an assortment of – a mix of
new year – new term
timetable – schedule of classes
to run around – to chase
check – yes
to catch up with someone – to see someone again
to drop (someone) off – to take someone by car
to pick up – to start again
to get into the groove – to get back into the way of (teaching)
to get on with – to return
to get down to – to begin
8 Idioms related to School
Share and help other students to improve English skills
a schoolboy error
this means a simple error made by someone senior that you would only expect a schoolboy to make
In the football match, the defender allowed the ball to bounce over his head. The opposition was quick and scored a goal. It was a simple schoolboy error by the defender.
a teacher’s pet
someone who is the favourite student of the teacher, always answering first, always doing their homework
I was hated by most people in my class because I was a real teacher’s pet.
usually refers to someone who is a little old fashioned or conservative
Michael had worked at the bank now for 30 years. He was old-school. His clothes were old fashioned and very conservative.
to hit the books
when someone really needs to start studying hard they will use this phrase
I really need to hit the books this weekend. I have that repeat exam next week.
to make the grade
when someone is likely or unlikely to be successful in a job or a position we can use this either in the positive or the negative
I don’t think he will make the grade he is just not suitable for this work.
If he continues to work like this and puts in the effort he will certainly make the grade.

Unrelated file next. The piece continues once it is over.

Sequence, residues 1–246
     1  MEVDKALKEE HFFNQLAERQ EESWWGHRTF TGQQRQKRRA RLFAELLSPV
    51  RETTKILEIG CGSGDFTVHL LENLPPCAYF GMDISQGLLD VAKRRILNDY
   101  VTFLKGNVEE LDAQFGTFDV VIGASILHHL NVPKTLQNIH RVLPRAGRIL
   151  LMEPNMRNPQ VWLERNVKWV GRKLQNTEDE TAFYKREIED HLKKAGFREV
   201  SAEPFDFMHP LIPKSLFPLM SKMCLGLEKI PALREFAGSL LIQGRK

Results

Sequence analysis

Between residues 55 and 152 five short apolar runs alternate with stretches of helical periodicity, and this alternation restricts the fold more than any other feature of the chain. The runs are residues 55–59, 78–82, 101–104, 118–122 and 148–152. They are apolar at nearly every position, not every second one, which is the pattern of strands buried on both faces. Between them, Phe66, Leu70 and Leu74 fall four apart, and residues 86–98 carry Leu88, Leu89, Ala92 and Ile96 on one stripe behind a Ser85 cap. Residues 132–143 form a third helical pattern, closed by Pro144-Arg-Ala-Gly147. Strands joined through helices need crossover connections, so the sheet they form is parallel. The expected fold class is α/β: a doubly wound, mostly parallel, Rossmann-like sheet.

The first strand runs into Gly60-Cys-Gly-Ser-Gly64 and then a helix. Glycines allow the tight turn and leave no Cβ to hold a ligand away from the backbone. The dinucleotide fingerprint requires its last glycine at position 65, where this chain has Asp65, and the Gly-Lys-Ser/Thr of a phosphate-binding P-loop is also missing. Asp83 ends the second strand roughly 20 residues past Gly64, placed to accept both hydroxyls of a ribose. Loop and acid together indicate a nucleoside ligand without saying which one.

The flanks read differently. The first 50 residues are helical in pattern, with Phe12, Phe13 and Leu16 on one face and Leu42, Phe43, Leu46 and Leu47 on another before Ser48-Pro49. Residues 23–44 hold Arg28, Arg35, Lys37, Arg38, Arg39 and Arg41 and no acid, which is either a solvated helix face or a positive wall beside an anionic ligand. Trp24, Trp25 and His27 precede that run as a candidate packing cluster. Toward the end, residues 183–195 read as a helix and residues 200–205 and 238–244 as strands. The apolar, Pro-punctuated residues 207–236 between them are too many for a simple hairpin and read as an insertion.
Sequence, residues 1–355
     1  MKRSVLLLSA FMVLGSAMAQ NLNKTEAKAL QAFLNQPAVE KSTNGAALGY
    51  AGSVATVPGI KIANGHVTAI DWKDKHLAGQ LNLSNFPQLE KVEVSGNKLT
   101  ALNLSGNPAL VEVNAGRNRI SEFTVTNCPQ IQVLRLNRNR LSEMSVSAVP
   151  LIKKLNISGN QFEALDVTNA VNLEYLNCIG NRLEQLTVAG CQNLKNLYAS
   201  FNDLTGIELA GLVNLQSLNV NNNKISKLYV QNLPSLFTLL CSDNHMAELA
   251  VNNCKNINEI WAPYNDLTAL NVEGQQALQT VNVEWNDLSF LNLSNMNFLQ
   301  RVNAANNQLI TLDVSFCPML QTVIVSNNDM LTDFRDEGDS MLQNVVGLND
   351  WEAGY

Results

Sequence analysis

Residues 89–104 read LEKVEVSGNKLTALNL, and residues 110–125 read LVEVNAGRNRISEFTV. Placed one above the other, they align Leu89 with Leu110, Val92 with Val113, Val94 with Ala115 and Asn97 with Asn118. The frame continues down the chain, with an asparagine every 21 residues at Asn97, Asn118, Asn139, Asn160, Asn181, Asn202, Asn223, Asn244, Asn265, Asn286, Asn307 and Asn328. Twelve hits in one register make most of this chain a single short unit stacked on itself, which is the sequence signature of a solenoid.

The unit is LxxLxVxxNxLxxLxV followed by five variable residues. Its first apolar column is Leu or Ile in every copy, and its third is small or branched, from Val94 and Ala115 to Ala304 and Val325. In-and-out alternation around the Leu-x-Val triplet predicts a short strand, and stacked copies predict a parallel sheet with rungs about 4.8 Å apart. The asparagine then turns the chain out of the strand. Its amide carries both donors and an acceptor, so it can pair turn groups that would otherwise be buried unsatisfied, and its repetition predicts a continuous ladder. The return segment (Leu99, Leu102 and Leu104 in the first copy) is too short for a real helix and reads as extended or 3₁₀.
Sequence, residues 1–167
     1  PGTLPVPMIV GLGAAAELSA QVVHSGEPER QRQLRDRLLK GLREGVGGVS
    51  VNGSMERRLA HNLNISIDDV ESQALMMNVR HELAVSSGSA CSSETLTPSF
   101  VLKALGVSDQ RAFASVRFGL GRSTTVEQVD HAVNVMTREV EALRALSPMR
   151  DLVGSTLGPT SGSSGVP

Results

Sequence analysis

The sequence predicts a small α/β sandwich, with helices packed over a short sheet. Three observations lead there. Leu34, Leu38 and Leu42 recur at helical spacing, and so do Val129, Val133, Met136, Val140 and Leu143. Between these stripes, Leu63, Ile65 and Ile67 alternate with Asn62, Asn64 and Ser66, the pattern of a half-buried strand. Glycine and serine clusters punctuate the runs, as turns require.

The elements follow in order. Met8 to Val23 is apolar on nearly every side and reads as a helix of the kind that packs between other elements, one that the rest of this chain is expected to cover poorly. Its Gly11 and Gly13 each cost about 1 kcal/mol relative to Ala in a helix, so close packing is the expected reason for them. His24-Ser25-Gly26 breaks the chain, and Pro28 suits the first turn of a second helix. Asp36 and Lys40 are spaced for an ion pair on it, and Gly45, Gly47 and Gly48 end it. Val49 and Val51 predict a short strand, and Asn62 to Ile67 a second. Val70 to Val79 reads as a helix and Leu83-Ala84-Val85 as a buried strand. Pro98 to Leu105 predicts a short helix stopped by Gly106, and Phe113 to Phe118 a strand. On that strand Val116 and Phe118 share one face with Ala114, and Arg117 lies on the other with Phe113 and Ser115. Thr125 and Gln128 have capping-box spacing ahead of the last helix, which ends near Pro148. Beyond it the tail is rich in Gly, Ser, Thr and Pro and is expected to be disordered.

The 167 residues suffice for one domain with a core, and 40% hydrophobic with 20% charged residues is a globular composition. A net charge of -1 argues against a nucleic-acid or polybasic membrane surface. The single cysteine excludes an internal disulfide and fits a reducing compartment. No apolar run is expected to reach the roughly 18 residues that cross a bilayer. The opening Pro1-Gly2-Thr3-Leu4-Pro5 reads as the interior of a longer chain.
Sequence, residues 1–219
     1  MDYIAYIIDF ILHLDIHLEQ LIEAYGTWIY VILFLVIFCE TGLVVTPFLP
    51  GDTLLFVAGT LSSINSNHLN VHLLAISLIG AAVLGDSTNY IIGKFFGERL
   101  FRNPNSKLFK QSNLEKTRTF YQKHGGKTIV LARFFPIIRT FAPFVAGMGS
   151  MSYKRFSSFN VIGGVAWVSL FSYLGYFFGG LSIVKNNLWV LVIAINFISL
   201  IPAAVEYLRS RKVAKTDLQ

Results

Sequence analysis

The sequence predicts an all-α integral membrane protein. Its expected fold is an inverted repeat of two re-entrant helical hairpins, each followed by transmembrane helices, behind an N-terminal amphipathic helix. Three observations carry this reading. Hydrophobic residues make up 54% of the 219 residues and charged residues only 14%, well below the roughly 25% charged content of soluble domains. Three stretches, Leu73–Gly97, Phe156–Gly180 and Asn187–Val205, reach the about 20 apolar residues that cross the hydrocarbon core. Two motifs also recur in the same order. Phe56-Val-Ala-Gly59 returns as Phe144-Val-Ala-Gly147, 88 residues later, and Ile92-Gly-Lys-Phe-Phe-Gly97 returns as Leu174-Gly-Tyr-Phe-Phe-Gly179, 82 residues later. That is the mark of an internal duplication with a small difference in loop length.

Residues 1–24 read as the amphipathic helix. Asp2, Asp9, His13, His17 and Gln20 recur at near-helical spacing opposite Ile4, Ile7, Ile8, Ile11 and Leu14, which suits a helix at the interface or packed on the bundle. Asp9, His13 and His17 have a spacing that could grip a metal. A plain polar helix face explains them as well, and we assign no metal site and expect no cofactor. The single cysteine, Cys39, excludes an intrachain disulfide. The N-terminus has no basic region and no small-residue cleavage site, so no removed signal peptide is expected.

to teach someone a lesson
used when we really wish to punish someone and make sure they know how and why they made the mistake in the hope they will not make it again
He had failed to complete the customer’s order twice. The boss was really going to teach him a lesson. He made him stay late for 2 days until it was completed. I think he understands now.
someone who is very enthusiastic and is willing to work very hard (volunteer, for example)
Tracey is such an eager beaver, she volunteers for every task. I bet she’s going to get a promotion next year.
with flying colours
with ease and with a high mark/grade
Olivier had been able to concentrate on his studies, and now he passed his exams with flying colours.
For more information on English Phrasal Verbs, English idioms and English new vocabulary words, check out the following links:
More English school vocabulary words and idioms can always be found on the Learning English with the BBC website.
You will love these English lessons
18 Colour Idioms in English
Here you will learn 18 colour idioms in English. Tickled pink meaning, red herring meaning, see red meaning and more.
English Collocations with Plan
Today I have some English collocations with plan or dealing with plans, either single or plural. Audacious plan, to carry
12 Idioms Associated with Our Body Parts
Here you will learn 12 more idioms associated with our body parts. To turn a deaf ear, to foot the